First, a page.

Attempts to estimate age of skin bruises is of considerable importance in forensic pathology. One way age is estimated is using time-dependent changes of color. For example, a bruise older than 18 hours is predicted to appear yellow in light-microscope histology. 6 Apoptosis activity found in the post-mortem skin is most probably reliable way of determining age of an injury.12 In general, the apoptotic process is associated with condensation of cytoplasm followed by phagocytosis and digestion by surrounding cells, the steady state mass of a tissue being related to the balance between cell formation (mitosis) and cell destruction (via apoptosis).7 Thus, the relationship betweenapoptosis and physical injury in skin, can aid forensic dermatologist in identifying time of death. mass of a tissue being related to the balance between cell formation (mitosis) and cell destruction (via apoptosis).7 Thus, the relationship betweenapoptosis and physical injury in skin, can aid forensic dermatologist in identifying time of death.
Some obvious method for identification of unknown human bodies are visual identification, fingerprints, and DNA fingerprinting.17 One more important and less spoken forensic tool to establish identity in an unknown deceased is occupational skin lesions, that is, lesions acquired in the course of a person’s daily profession. Different occupations produce characteristic effect on different parts of body due to use of tools or machines or exposure to different chemicals in the working environment. Examples of profession-specific dermatologic indicators include “ rough hands seen in manual labourer involved in construction work, excavated chest in a cobbler, callosities of finger tips in a stenographer, callosities of palm at the base of fingers in butchers, burn scars over the back of both hands seen in blacksmiths, involuntary permanent tattooing of micro particles of coal found on the hands of the labourers involved in mining industry.”11
A rare case was reported, where the identity of an unknown elderly male who committed suicide by hanging was established based on the symmetrical distribution and pattern of skin lesions acquired during the course of his occupation. As a coconut tree climber, he gripped the coconut tree with both hands and feet, and then pushed up the body to climb higher. This resulted in intermittent pressure over the forearm skin, palms, and soles in response to friction, causing deposition of thickened, vertically oriented collagen bundles in papillary dermis, resulting in lichenification.1 The family of the individual later confirmed his identity.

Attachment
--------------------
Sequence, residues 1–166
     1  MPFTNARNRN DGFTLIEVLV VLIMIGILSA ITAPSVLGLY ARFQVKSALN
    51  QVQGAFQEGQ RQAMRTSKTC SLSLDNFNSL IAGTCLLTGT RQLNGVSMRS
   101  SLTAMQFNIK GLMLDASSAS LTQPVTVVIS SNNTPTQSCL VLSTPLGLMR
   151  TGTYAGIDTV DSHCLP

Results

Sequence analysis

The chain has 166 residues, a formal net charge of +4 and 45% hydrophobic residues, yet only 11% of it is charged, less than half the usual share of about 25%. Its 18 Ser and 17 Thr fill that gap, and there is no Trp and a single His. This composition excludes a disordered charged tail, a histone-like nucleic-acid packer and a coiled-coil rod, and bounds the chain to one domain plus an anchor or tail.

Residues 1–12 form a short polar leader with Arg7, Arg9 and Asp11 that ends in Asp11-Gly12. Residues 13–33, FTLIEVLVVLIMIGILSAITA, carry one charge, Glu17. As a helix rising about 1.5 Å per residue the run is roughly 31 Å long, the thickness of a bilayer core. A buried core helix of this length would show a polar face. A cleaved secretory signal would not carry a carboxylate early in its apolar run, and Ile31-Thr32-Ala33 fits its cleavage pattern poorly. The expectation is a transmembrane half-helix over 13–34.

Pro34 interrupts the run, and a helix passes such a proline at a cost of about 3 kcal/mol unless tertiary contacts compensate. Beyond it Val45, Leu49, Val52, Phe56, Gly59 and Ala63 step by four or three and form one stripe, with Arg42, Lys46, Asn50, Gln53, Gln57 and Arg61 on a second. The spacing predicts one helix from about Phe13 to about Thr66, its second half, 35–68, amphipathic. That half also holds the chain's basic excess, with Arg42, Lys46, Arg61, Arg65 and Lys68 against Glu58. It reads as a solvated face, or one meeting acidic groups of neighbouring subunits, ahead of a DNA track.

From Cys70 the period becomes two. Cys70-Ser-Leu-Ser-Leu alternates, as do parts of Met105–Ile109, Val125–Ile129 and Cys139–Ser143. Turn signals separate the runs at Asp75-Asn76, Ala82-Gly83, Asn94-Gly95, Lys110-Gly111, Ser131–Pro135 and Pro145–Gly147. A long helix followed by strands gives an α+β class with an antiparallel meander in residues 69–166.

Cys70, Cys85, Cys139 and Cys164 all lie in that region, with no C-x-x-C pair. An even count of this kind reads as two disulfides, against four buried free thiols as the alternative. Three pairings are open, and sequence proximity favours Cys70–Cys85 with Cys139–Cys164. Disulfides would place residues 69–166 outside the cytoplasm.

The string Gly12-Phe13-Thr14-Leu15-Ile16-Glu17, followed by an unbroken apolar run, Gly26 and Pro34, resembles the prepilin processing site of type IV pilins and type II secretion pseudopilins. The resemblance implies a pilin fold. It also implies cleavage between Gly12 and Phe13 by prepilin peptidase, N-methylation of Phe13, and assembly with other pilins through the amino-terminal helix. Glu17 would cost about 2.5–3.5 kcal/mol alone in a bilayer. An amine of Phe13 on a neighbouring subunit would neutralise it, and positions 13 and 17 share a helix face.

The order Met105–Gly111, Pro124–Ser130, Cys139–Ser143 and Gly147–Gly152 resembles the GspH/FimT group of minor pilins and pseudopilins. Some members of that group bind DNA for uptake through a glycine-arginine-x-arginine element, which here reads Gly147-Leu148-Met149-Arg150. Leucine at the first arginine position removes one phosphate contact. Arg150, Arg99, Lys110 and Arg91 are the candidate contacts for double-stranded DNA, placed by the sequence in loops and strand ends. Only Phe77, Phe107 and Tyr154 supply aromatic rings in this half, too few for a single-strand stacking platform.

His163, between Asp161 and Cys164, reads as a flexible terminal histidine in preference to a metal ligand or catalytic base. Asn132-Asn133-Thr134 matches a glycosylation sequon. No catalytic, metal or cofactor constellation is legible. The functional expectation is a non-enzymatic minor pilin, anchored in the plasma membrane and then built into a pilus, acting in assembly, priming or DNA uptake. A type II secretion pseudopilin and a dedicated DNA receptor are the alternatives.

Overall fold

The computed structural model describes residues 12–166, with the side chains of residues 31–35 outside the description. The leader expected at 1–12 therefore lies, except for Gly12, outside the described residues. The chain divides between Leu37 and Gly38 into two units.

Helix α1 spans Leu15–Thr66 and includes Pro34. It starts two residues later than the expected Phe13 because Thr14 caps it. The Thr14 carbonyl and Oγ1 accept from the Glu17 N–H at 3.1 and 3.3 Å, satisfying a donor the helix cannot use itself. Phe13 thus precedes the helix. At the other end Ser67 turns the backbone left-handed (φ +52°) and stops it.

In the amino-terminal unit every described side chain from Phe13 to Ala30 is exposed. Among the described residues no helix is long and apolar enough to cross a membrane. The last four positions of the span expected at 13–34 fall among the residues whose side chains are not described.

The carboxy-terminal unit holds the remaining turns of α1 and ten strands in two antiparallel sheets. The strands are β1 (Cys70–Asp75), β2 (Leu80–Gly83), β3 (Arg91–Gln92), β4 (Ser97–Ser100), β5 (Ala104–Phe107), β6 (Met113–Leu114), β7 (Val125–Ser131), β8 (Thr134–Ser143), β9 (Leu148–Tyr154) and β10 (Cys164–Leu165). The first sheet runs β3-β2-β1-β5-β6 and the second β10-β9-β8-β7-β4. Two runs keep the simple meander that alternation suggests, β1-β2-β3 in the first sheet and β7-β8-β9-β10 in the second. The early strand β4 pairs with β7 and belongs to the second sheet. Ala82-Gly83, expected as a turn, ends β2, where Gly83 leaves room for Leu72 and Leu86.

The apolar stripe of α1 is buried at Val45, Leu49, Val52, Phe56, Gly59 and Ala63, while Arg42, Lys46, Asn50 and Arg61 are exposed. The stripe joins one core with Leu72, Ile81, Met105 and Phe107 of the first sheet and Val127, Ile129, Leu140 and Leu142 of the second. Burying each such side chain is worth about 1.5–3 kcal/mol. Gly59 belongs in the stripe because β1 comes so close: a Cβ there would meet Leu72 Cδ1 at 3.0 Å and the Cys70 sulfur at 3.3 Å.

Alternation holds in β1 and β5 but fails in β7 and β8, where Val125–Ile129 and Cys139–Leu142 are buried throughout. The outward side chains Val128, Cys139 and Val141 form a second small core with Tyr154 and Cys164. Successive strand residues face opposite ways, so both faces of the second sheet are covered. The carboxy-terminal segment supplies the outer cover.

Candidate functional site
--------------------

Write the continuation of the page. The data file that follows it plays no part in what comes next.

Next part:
Within the next decade, it is likely that the implementation of currently available and new techniques for the diagnosis and relevance of skin and mucosal conditions will continue to provide significant scientific advances in this promising area of forensics.2 These fields are awaiting further definition, categorization, and investigation.
1. Adams R.M. Occupational skin disease. In: I.M. Freedberg, A.Z. Eisen, K. Wolff, K.F. Austen, L.A. Goldsmith, S.I. Katz and al. et, Editors, Fitzpatrick’s Dermatology in General Medicine, McGraw-Hill, New York (1999), pp. 1609–1620.
2. Cohen P.R. Forensic Examiner [Online] Fall 2009.
3. Daniel C.R.; Piraccini B.M.; Tosti A. Journal of the American Academy of Dermatology. [Online] 2004, 50.2, 258-261.
4. Gupta M.A.; Lanius R.A.; Van der Kolk B.A. Dermatologic Clinics. [Online] 2005, 23.4, 649-656.
5. Hubler W.R. South Med J. [Online] 1966, 59, 436–442.
6. Langlois N.E. and Gresham G.A. Forensic Sci. Int. [Online] 1991, 50, 227–238.
7. Olson P.L. and Everell M.A. J. Cutaneous Path. [Online] 1975, 2, 53–57.
8. Oz C. and Zamir A. J Forensic Sci. [Online] 2000, 45, 158–160. Palmeri A; Pichini S; Pacifici R; Zuccaro P; Lopez A. Clin Pharmacokinet. [Online] 2000, 38, 95-110.
9. Pichini S; Altieri I; Zuccaro P; Pacifici R. Clin Pharmacokinet. [Online] 1996, 30, 222-228.
10. Polson C.J.Identification. In: C.J. Polson and Gee DJ, Editors, The Essentials of Forensic Medicine, Pergamon press, Oxford (1973), pp. 85–87.
11. Sawaguchi T; Jasani B; Kobayashi M; Knight B. Forensic Science International. [Online] 2000, 108.3, 187-203.
12. Seavolt M.B.; R.A. Sano; K. Levin; C. Camisa, Int J Dermatol. [Online] 2002, 41, 399–401.
13. Shetty B.S.; Rao, J; Samer K.S.; Salian P.R., Shetty M. Forensic Science International. [Online] 2009, 183.1, 17-20.
14. Thomsen H.K.; Nielsen D.O.; Aalund O.; Nielsen K.G.; Karlsmark T. Genefke I.K. Forensic Science International [Online] 1981, 17.2, 145-152.
15. Tromme I.; Van Neste D.; Dobbelaere F.; Bouffioux B.; Courtin C.; Dugernier T. Br J Dermatol [Online] 1998, 138, 321–325.
16. Weedn V.W. Clin. Lab. Med. [Online] 1998, 18, 115–137.